"In July 2006, aspiring journalist Martin Monahan was reported missing.
The police search of Monahan's home uncovered his most recent project:
the first interview with a serial murder not held in captivity. Five
days later, authorities received the following footage." These words as
constructed on title cards are what catapult Killer View (also known as
'Snuffed') onto the screen. The film, written and directed by Brian
O'Connell, is an interesting documentary style look into the life of an
anonymous serial killer. The movie splices between criminal and
murderous acts being committed by our lead and candid interviews
conducted between himself and journalist Martin Monahan.
Giving some raw answers to some raw questions (we learn he moved to
L.A. because "sharks go where the fish are"), we get a rare glimpse
into the mind of a serial killer unlike any of the Hollywood attempted
serial killer movies of the same ilk. In Killer View, the monster is
articulate and sane. He is smart and scoffs at how serial killers are
generally portrayed in the media and how some of them (Gacy) would
dress up like buffoons to near their prey.
Monahan follows his subject and continues filming through the most
heinous of crimes which eventually culminate in a home invasion that
terrorizes two women and a troubled husband.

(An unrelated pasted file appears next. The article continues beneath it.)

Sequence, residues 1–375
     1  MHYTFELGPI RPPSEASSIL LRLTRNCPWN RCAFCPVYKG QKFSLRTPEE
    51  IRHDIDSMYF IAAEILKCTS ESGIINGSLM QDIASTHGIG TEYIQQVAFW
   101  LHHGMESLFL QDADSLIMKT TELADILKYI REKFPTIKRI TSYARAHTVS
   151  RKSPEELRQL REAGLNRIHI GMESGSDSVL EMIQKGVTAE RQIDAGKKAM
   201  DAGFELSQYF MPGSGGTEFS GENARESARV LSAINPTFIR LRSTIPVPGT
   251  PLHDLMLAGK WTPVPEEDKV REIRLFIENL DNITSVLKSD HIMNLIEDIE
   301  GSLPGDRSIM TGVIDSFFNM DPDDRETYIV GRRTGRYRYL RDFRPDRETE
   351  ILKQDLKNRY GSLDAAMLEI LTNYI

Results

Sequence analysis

An independent film, Killer View shuns a linear timeline to give a dark
and unpolished look to a film that gets into the dark corners of where
a predator lurks. The focus of the documentary is fascinating in that
he (Ben, an alias given to the killer) is so openly frank about his
profession and his feelings towards his vocation (he sells video tapes
of his killings to rich investors).
Director Brian James O'Connell makes some interesting choices in
letting us know the interviewer was killed in a title card in the
film's opening moments and with mixing both action shots with a
sit-down interview style a la 60 Minutes.
The result is a generally worthy entry into the horror/independent film
scene. It was like a Henry: Portrait of a Serial Killer done in
grindhouse fashion by Stone Phillips of NBC's Dateline. We are thankful
we cannot report that it is the most realistic serial killer portrayal
ever put on film. That would suggest that we know a serial killer
personally. But we do think it is likely a portrait more accurate to
how a killer integrates within society and with communicates with
others. After all, Ted Bundy was an incredibly articulate man.
The final chapter of the film took away some of the momentum. A Bureau
investigator/detective is interviewed about the case and the add on
just doesn't feel right or flow with the rest of the film.
But don't let the final moments distract you from searching out Killer
View. It joins a short line of independent horror films that brought a
fresh and interesting view to a tired genre to the screen and audiences
will be sure to appreciate it.
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